Fordhall Farm keeps growing

PUBLISHED: 18:23 22 June 2010 | UPDATED: 17:24 20 February 2013

Fordhall Farm keeps growing

Fordhall Farm keeps growing

George Turner opens the creaking gate to a Shropshire church in urgent need of salvation

Hope for Holdgate

George Turner opens the creaking gate to a Shropshire church in urgent need of salvation

The name of this tiny community is depicted by the gateway to its church and churchyard.

The gate is so decayed by age and weather that even when closed it remains ajar. To open it wider you grasp the decaying timbers with both hands and push ever so gently. It is such an antiquity that replacement would be almost a sin. If you need proof of the old adage that a creaking gate lasts longest, its right here.

Holdgate, deep in magnificent South Shropshire countryside, lies in the shadow of the Brown Clee Hill. With its patchwork backdrop of colourful fields, it consists of four farms, a few scattered homes, a phone box and a mud-splattered notice board that displays more green algae than announcements.

And thats about all there is except for the church, an historic gem which should really be assessed as a national treasure. With its Norman tower and nave, the Holy Trinity dates back to the 13th century.

It has stood for nearly 1,000 years and you feel its age-old quality as you step into the porchway. The north doorway has a triple series of arches with boldly carved sculpture work typical of that period. Inside, its history is even more pronounced. A magnificent chalice-shaped font awaits your scrutiny and you wonder how many babies have had their heads moistened here to begin their Christian journey through life. With its bowl inscribed with bold abstract and animal carvings, it is believed to date around 1140 and bears similarity to those in the parish churches of Eardisley and Castle Frome in Herefordshire, and Chaddesley Corbett in Worcestershire.

Looking down the aisle towards the altar, an abundance of pews convince you that seating accommodation is more than adequate. In fact you wonder whether the church has ever been filled to capacity in what is among the smallest parishes in the diocese. But then it was the norm for the Normans to build churches with over-generous seating provision.
Old oil lamps remain, though cleverly converted to electric lighting, and the small but beautiful recessed windows attract a heavenly light of their own.

But this magical atmosphere is overshadowed. The church is in urgent need of major repairs, and with only 32 residents in the parish, the dilemma is how this can be achieved. Two stalwarts who have taken up the challenge of the churchs survival are churchwardens Robert Hartley and John Brentnall. They have launched an appeal to raise money for the restoration but, in a parish so minute, progress is understandably slow.
The Holy Trinity has an acute damp problem which is creeping into the furnishings. And ever-widening cracks in the church tower and nave have begun to expose the fabric to the elements. Complete restoration would cost in the region of 150,000. The appeal has so far raised 20,000 and the church wardens (John Brentnall is also church secretary) have applied to English Heritage for aid. Their first request has been turned down, but they are hoping to make a fresh approach.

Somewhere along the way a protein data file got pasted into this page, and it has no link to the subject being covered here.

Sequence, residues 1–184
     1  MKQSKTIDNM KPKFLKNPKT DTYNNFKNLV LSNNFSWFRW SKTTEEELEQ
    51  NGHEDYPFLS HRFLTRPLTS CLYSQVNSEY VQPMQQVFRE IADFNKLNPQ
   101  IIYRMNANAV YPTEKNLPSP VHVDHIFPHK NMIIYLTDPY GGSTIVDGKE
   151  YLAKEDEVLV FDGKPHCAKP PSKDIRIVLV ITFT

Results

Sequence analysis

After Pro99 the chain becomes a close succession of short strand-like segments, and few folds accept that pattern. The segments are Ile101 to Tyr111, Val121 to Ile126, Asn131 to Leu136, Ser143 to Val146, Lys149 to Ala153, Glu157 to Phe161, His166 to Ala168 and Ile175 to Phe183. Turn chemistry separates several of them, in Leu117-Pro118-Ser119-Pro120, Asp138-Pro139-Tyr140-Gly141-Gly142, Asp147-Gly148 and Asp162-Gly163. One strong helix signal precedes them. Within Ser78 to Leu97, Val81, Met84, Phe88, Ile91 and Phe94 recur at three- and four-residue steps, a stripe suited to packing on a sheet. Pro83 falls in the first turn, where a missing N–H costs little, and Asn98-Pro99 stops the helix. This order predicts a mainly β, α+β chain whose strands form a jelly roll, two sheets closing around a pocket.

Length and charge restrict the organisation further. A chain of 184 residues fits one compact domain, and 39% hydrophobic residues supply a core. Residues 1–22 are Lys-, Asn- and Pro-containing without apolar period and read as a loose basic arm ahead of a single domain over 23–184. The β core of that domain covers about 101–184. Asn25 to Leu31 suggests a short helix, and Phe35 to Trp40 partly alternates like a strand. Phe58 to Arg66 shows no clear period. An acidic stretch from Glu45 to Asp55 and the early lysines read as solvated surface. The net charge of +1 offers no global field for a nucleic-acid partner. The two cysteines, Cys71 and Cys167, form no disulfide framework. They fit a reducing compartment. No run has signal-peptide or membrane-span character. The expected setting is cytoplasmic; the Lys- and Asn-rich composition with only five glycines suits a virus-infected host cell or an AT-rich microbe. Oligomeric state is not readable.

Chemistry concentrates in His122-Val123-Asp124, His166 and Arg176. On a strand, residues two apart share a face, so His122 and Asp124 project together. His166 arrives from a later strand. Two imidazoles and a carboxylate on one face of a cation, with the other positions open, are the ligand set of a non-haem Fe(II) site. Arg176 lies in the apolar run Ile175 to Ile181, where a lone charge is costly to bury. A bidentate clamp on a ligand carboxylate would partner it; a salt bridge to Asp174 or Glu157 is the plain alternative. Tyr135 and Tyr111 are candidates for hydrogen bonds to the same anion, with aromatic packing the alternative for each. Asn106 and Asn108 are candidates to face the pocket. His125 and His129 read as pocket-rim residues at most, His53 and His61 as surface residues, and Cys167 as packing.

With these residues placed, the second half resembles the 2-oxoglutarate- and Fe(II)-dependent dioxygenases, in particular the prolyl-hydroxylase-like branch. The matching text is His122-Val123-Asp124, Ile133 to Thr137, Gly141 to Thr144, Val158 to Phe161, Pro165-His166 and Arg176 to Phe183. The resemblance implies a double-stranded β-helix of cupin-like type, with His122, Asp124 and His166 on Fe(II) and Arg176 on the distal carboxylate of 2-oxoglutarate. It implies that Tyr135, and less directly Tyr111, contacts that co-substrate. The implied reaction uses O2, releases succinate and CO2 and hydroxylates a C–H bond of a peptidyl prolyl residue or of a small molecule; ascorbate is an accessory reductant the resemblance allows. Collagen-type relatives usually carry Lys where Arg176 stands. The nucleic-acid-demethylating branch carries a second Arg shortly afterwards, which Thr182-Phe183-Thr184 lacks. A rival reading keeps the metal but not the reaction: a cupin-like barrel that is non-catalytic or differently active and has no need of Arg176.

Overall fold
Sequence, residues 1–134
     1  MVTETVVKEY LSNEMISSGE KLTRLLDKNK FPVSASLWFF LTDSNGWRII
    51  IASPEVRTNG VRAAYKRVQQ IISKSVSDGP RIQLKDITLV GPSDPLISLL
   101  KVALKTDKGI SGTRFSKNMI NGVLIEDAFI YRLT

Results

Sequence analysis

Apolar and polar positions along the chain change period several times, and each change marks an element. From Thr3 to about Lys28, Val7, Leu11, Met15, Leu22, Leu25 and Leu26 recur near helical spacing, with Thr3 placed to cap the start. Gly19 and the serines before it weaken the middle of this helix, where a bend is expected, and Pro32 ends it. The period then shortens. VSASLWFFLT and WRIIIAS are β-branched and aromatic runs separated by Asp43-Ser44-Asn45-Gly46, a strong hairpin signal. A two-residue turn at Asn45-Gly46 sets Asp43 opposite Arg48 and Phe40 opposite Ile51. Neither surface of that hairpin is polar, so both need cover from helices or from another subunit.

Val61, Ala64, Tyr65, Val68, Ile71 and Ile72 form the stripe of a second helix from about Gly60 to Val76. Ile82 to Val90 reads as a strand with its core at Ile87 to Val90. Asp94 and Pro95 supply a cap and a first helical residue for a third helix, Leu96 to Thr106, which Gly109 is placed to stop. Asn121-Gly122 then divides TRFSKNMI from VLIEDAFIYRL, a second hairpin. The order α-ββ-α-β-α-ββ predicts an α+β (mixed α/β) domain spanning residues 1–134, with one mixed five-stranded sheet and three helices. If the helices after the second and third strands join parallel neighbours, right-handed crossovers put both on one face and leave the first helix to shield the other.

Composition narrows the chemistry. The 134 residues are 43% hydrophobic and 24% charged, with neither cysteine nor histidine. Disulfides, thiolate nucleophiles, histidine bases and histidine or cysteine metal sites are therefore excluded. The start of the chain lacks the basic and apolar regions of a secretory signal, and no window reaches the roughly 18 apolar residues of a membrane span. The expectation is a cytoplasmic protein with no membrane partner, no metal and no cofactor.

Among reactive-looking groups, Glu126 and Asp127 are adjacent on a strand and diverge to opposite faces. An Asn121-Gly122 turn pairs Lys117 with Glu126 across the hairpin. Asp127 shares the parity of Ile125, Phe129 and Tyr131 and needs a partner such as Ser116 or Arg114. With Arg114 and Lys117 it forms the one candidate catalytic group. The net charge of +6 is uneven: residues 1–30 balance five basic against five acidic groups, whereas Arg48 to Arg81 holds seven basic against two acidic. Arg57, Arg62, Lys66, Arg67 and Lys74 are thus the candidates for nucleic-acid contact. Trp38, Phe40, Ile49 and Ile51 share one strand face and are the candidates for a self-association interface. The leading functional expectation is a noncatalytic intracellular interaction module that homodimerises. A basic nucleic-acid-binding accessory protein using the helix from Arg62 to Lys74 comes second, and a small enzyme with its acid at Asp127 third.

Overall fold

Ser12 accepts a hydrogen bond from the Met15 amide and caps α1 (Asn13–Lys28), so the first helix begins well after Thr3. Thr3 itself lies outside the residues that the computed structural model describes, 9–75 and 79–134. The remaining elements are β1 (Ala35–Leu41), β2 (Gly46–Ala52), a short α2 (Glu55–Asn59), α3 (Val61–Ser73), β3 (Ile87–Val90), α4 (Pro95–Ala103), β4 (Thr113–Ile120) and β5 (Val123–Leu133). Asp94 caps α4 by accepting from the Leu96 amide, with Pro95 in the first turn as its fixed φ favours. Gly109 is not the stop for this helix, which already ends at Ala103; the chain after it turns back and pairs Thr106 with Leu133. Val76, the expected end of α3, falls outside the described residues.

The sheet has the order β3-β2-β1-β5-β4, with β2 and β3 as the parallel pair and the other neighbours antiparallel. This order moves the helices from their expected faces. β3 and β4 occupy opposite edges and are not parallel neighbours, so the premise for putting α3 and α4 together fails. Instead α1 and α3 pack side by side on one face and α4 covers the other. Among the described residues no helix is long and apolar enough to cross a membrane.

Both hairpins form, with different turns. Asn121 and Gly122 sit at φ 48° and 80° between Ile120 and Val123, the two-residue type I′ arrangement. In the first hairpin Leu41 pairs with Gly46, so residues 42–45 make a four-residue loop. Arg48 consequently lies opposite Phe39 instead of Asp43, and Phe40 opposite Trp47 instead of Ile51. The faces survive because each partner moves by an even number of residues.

Meanwhile, fund-raising continues. There are tentative plans to hold a promotional concert, but it is difficult to raise large sums of money from such a small community. Services are held monthly and congregations average five worshippers per service. The churchs overheads amount to around 2,000 a year, but it is dearest wish of the churchwardens, and of course the parishioners, to see the church restored.

So how did this treasure get into such decline? For the very same reasons that have led to the closure of so many churches throughout the country. On the one hand are the vast changes to rural life due to the mechanisation of agriculture and the gradual population drift to the towns. On the other, the decline of the Church of England itself has been most acutely felt in rural areas. Falling numbers of clergy have led to decades of amalgamation of parishes. Resources have been stretched over wider areas. Holdgates vicar, The Reverend Ian Gibb is also vicar of Abdon, Diddlebury, Tugford and Munslow parishes.

Meanwhile Holdgates churchwardens remain firm in their resolve to save the church.

Their cause is threefold: To retain it so that it can maintain its vital role to keep the faith and serve as an anchor of stability in a rapidly changing world. They also seek to preserve and strengthen the community spirit the church generates on seasonal occasions and those in the agricultural year, for example, harvest festivals. Finally the churchwardens acknowledge the dire need to preserve the heritage of this ancient parish not only with its church, but the nearby Holdgate Castle mound which had mention in the Domesday Book.

John and Robert are philosophical but optimistic about climbing the mountain before them. They realise there are many charities all rattling their cash tins for their respective worthy causes. But they hope, just hope, that their appeal to save their precious little church will be fulfilled.
In his book The Nooks and Corners of Shropshire, first published in 1899, author and artist H Thornhill Timmins wrote that Holdgate Church had recently undergone a thorough restoration.

The earnest wish is that, God willing, it will survive to be given another one.

FOOTNOTE: Holdgate (also referred to in history as Holgate) derived its name from Helgot, a Norman landowner.

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